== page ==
Data Protection and Privacy Update – December 2017

This year brought the following interesting data protection developments:

  1. European developments
  2. Updates home markets: 
  3. The Netherlands, Belgium, Luxembourg and Switzerland
  4. GDPR Toolkit

1. European developments 

Following its recent November plenary meeting, the WP29 adopted more than ten key documents, including the Privacy Shield report. Below, we have summarized the Privacy Shield report and have outlined the various relevant guidance documentation that the WP29 has released in 2017 that aim to clarify the (new) provisions introduced in the GDPR. Where relevant, we have included a link to summaries provided by us previously.  

1.1 Privacy Shield update

On 18 and 19 September 2017, representatives of the WP29 participated in the first joint review conducted by the European Commission (EC) to assess the robustness of the EU – U.S. Privacy Shield adequacy decision (Privacy Shield). Although the WP29 recognizes the progress of the Privacy Shield in comparison with the invalidated Safe Harbor decision, the WP29 has a number significant concerns (in particular more about the cooperation between the privacy enforcers i.e. the U.S. Department of Commerce, the Federal Trade Commision, and the EU Data Protection Authorities, and the appointment of an independent Privacy Shield Ombudsperson). The WP29 expects their recommendations to be addressed during the second joint review, but in any case prior to 25 May 2018. In case no remedy is brought within this time frame, the WP29 has announced its intention to take appropriate action, including bringing the Privacy Shield to national courts in order to make a reference to the Court of Justice of the European Union (CJEU) for a preliminary ruling.

The full text of the ‘EU – U.S. Privacy Shield – First annual Joint Review’ can be read here.

1.2. Overview (relevant) WP29 guidance documents

Working document on Adequacy Referential
This working document revisits the WP29’s previous publication on transfers of personal data to third countries and updates it in the context of the GDPR and recent relevant case law (i.e. the CJEU Schrems judgment in 2015), specifically relating to adequacy decisions. 

Click here to read more.

Working document on Binding Corporate Rules  and Working document on Processor Binding Corporate Rules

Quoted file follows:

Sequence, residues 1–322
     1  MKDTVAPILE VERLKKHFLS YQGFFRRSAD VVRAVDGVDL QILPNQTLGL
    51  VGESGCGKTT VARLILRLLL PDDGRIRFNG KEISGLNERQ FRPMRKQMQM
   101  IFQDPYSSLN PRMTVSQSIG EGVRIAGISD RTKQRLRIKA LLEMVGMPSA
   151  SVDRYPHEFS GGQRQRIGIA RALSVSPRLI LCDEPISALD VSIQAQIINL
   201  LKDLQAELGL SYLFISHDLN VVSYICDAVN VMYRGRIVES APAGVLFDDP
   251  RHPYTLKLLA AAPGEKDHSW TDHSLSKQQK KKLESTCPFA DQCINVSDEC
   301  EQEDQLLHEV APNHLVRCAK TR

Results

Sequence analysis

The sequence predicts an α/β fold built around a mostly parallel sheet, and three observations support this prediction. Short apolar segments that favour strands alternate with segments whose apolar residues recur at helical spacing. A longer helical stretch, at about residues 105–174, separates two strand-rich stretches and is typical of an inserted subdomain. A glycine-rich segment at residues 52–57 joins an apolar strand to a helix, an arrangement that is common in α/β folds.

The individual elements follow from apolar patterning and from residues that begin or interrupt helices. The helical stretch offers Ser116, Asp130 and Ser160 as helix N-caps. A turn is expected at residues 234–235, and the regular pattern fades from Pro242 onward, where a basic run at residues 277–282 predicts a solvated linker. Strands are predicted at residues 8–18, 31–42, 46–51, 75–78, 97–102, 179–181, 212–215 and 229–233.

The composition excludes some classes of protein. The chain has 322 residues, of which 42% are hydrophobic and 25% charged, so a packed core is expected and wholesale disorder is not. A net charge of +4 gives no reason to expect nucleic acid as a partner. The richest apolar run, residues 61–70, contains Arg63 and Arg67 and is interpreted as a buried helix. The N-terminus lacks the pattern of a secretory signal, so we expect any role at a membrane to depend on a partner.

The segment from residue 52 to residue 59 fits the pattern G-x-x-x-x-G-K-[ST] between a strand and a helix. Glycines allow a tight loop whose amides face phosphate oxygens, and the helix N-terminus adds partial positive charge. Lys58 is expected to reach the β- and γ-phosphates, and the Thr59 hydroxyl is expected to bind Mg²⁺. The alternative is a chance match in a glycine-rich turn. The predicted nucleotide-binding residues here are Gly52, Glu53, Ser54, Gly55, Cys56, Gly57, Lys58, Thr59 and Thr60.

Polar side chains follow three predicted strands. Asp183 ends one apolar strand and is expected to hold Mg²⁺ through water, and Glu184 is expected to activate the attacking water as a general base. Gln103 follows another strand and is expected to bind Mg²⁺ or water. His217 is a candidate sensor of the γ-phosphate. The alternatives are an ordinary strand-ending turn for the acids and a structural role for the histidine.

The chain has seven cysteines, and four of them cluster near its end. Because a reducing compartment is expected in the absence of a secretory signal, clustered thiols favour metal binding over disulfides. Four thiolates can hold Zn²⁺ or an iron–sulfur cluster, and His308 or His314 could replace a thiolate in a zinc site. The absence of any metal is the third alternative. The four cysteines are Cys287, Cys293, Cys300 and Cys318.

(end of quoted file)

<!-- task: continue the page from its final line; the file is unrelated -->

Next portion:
Both the working document regarding Binding Corporate Rules for Controllers (BCR-C) as well as the working document regarding Binding Corporate Rules for Processors (BCR-P) update the previous P29 guidelines on these topics. 

Click here to read more.

Guidelines on consent
The WP29 guidelines on consent expand and complete the earlier opinions. 

Click here to read more.

Guidelines on transparency 
In these guidelines, the WP29 describes transparency as an overarching obligation applying to three central areas; 1) the provisions of information to data subjects related to fair processing, 2) how data controllers communicate with data subjects regarding their rights under the GDPR, and 3) how data controllers facilitate the exercise by data subjects of their rights.

Click here to read more.

Guidelines on Automated individual decision-making and Profiling
The WP29 provided guidelines on Automated individual decision-making and Profiling and provide for (among others) explanation of the definitions of profiling and automated decision-making.

Click here to read more.

Guidelines on Personal data breach notification
These guidelines explain the mandatory breach notification and communication requirements under the GDPR, and provides examples of steps that controllers and processors can take to meet these obligations. 

Click here to read more.

Guidelines on Data Protection Impact Assessment (DPIA) 
In these guidelines, the WP29 confirms that carrying out a DPIA is not mandatory for every processing operation, but only when it is likely to involve a high risk for the rights and freedoms of the natural persons whose data is being processed. These guidelines clarifies this notion.

Click here to read more.

Guidelines on a controller or processor’s lead supervisory authority
Guidelines on the right to data portability
Guidelines on the Data Protections Officers (DPOs)

Click here to read our previous newsletter on these guidelines.

Opinion on data processing at work 

Click here to read our previous newsletter on these guidelines. 

2. Home Markets 

This year was a year full interesting data protection and privacy news and developments. Please find a brief summary of the relevant developments in all our four ‘home markets’ the Netherlands; Belgium; Luxembourg and Switzerland.